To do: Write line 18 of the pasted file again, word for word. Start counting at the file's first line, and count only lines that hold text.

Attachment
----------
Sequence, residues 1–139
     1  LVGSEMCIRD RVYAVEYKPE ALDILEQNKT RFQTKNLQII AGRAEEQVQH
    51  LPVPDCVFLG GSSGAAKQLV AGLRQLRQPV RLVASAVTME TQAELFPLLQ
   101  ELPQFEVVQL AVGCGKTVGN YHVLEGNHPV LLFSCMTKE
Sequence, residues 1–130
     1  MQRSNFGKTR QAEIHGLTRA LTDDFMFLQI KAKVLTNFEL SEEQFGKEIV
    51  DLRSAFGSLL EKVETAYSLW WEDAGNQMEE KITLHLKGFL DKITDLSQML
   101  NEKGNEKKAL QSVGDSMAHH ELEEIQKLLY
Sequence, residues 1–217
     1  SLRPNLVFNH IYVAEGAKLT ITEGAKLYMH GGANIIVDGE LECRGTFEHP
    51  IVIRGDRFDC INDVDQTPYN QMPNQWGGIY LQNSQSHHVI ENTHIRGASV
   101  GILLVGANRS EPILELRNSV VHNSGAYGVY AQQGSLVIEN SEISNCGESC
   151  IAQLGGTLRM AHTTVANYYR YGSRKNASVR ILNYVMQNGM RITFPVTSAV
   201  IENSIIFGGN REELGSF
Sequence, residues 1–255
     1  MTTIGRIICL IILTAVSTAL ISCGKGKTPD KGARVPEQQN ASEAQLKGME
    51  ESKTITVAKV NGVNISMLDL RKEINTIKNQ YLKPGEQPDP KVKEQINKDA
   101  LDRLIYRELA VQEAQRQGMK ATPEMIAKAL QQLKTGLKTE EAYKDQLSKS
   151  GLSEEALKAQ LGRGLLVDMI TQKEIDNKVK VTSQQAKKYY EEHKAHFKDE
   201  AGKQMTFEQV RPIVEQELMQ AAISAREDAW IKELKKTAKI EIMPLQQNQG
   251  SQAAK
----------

   101  LDRLIYRELA VQEAQRQGMK ATPEMIAKAL QQLKTGLKTE EAYKDQLSKS